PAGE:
Flunking out of Feminism

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I just got an F.

Not in a class (I promise, mom!) but in feminism. Last year, the social cause in vogue was feminism. Sensationalized headlines like “Emma Watson: 1, Misogyny: 0” plagued our Facebook feeds. We played virtual Ping-Pong with controversial articles plastered over our favorite sites, political or otherwise.

With all of the chat on feminists, feminism and gender identity, I wasn’t surprised when my friend gasped in shock when I revealed I don’t watch HBO’s Girls. “How unfeminist of you,” she scolded me.

I replied, “For the sake of my sanity, I’m committed to failing at feminism right now.”

I’ve been wrestling with feminism since I was a freshman in high school. It’s been the typical what is it? What does it mean to me? kind of rollercoaster. But now, approaching a presidential election that could yield our first female president, it’s never seemed so relevant.

At a time when we’re supposed to be forming our foundational identities–hence the saying “college is where you find yourself,”–the causes we fight for are just as important as our majors. They come to define the avenues we take and the attitudes we hold. Feminism, as I sluggishly discovered in a high school seminar class, isn’t merely an ideology or a concept but a way of life.

We’re the generation in some ways responsible for turning issues of gender inequity on their heads. We’ve redefined gender expression, feminism in classrooms and the ways in which patriarchy stretches its grimy grip over workplace practices. On the red carpet, asking our favorite celebs their feminist status is just as relevant and important as whether they’re wearing Ralph Lauren or Balmain. Feminism is everywhere.

Don’t get me wrong, it’s great we’re having an open conversation about it. But pardon me when I say: Sometimes it’s f*king exhausting.

I’ve been instructed by at least seven different listicle articles on how to be a “good feminist”–how to think like a feminist, what to wear as a feminist and what to watch as a feminist. Now, every choice I make seems to harken back to a feminist decision.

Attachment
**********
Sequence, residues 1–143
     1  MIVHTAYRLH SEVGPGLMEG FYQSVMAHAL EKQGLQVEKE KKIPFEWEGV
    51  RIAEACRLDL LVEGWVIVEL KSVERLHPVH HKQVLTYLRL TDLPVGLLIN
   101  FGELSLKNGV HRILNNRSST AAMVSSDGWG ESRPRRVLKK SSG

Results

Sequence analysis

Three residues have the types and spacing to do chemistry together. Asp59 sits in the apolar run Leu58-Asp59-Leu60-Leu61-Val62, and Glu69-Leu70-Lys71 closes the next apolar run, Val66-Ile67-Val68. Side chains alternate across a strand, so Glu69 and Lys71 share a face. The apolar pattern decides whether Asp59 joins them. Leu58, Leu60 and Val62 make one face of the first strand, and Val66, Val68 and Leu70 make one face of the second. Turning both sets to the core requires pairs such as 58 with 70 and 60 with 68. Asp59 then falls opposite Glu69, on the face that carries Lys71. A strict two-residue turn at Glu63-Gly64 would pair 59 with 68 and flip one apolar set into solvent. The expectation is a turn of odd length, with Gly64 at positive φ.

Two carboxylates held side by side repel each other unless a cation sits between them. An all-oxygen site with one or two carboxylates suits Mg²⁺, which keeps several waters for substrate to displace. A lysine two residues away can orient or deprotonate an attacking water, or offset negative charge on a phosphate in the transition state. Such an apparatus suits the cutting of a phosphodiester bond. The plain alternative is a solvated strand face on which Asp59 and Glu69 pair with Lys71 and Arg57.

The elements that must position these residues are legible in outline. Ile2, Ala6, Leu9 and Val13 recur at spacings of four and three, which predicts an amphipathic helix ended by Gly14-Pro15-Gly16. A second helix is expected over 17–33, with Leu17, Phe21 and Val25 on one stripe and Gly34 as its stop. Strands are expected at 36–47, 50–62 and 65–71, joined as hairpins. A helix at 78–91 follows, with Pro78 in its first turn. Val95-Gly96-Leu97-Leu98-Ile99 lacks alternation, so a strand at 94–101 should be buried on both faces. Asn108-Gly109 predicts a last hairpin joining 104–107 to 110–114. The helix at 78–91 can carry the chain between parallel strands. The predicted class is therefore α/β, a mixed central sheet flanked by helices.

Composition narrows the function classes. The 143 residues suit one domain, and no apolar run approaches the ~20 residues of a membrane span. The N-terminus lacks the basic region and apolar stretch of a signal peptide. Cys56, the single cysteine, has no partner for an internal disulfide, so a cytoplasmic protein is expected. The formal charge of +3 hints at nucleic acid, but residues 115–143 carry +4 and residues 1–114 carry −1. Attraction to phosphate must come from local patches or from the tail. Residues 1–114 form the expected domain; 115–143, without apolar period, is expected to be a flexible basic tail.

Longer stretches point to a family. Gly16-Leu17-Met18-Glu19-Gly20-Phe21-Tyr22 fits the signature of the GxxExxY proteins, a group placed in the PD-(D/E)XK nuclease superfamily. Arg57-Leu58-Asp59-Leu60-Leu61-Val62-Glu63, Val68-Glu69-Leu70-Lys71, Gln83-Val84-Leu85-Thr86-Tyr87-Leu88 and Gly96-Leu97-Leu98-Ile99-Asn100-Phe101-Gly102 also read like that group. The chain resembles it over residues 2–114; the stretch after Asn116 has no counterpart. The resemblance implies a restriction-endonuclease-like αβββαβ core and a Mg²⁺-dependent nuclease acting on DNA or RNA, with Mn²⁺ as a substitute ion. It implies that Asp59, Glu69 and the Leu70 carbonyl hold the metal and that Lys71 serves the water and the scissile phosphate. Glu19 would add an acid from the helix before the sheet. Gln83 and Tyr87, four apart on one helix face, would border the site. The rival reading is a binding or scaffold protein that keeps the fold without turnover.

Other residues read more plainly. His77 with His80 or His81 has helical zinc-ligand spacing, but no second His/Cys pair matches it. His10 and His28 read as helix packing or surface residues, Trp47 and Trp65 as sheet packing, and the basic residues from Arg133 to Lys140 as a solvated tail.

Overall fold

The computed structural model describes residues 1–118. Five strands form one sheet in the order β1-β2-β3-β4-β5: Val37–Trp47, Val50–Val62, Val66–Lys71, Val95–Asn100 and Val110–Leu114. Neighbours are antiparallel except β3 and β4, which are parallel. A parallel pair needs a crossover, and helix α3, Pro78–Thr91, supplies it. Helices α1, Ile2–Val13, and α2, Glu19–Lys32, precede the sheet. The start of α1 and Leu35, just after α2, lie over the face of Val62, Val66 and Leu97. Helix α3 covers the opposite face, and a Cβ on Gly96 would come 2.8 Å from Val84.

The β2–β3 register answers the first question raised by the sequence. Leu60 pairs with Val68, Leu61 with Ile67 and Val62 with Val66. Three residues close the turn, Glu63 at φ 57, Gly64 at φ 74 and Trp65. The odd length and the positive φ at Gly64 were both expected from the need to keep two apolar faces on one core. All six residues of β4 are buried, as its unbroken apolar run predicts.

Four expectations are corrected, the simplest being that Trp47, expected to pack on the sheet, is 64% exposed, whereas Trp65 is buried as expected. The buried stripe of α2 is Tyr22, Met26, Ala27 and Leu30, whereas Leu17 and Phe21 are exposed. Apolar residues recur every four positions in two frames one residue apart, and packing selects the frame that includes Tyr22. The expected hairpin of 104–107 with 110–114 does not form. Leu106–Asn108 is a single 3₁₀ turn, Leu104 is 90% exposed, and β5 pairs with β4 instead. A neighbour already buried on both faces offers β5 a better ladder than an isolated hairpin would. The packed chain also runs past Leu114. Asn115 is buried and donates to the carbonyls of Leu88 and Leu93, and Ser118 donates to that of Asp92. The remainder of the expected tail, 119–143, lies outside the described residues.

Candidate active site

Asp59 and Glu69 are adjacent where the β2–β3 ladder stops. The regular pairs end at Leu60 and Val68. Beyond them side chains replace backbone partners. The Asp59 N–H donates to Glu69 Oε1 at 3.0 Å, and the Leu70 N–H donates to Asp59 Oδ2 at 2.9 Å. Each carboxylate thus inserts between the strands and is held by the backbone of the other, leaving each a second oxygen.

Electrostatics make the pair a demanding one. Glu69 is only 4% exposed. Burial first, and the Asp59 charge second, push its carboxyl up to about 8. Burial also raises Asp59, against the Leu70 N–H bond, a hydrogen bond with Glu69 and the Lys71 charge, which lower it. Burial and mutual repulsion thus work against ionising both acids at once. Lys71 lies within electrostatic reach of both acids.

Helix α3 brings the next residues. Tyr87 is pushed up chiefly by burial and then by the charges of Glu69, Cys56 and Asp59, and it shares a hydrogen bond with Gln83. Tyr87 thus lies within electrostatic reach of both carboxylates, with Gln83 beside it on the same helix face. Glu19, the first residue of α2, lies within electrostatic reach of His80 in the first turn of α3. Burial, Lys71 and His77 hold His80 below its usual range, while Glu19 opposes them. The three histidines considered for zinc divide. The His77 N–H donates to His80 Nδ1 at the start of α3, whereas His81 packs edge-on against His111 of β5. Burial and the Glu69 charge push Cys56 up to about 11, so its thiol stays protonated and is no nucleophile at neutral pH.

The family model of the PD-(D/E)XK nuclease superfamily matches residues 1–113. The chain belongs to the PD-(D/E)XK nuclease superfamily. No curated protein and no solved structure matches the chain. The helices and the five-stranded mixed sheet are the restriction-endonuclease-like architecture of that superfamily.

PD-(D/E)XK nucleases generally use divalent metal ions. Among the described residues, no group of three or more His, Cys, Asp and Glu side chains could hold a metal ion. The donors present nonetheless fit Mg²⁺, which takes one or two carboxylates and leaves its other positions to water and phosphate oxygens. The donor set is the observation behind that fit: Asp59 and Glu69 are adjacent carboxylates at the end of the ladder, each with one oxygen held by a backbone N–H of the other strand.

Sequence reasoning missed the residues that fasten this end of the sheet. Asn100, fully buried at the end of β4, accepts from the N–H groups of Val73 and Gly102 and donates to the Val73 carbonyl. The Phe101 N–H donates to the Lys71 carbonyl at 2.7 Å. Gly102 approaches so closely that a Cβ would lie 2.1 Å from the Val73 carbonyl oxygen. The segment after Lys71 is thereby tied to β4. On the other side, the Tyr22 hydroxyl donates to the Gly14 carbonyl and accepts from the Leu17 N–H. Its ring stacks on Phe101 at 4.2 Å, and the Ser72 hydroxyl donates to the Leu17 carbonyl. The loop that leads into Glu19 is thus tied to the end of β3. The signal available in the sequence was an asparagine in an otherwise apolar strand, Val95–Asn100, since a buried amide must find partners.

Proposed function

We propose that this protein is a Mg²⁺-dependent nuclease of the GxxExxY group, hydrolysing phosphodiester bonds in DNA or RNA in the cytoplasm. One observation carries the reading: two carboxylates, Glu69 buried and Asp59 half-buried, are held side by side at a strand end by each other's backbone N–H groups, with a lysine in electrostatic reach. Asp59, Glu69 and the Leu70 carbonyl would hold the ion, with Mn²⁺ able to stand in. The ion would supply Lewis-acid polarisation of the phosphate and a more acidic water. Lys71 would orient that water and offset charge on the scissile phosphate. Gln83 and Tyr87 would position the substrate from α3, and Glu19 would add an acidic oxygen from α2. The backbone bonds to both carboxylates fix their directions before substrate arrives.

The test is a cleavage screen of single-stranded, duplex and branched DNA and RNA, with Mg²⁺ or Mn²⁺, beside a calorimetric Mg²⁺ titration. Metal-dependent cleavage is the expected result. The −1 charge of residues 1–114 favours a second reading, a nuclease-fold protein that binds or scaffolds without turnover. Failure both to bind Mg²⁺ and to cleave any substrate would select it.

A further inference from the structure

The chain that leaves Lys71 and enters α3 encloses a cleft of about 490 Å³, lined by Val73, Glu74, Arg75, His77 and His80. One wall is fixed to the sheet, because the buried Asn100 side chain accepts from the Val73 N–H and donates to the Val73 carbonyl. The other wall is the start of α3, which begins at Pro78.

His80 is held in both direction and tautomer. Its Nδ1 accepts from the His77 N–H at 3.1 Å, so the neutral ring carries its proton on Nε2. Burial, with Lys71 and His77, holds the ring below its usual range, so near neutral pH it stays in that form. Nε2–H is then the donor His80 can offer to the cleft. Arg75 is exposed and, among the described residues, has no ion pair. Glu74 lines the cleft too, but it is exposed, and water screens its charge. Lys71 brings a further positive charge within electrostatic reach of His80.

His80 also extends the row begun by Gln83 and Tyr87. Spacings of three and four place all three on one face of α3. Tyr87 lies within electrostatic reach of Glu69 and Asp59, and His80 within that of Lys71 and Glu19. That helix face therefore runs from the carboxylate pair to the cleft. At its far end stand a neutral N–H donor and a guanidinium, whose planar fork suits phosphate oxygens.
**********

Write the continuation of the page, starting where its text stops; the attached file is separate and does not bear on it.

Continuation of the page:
Do I have to go see every movie directed by a female in order to show support even though I’m not interested in the storyline? Am I a bad feminist if I expect my boyfriend to help me with my slightly-heavy-but-manageable bag? What if I choose to spend an hour rifling through my closet when getting dressed as opposed to five minutes? Does every encounter with misogyny have to come with a conversation about women’s rights and a scathing critique of what a person, book or film does wrong?

A plethora of reputable magazines and star Lena Dunham herself declared that she is “the voice of our generation.” When I look at the issues she gives lip service to–and the fact that her show rarely ever tells the story of a woman of color or a trans woman–I can certainly say that she doesn’t represent me. It’s difficult to decide if Dunham’s flawed white feminism is worth pushing back against or if it’s more valuable to keep advocating for what I believe.

Can I do both and still have the energy to tend to my other causes?

Lately, I’ve mulled over what it means for me to be not just a good feminist but also an effective one. Perhaps you’ve had a similar experience of mental burning out after thinking on the Black Lives Matter Movement or the animals rights movement. Sometimes it seems so simple: Believe what you believe, voice your opinion, like what you like and don’t like what you don’t like. However, more often than not, the causes we fight for are complicated and highly political.

I haven’t made much progress and, to be honest, I haven’t put in too much effort–I don’t want to confuse myself while trying to unwork the legacy of a poisonous patriarchal society in my mind. As a result, I’ll gladly take a big fat F on my feminism report card. But perhaps this confusion, frustration and constant thinking is a part of the process–so maybe throw a D on it instead.

Maya is a senior at the University of Wisconsin-Madison majoring in Communication Arts and African-American Studies. She’s obsessed with all things Vogue and is unhealthily attached to her home, New York City.

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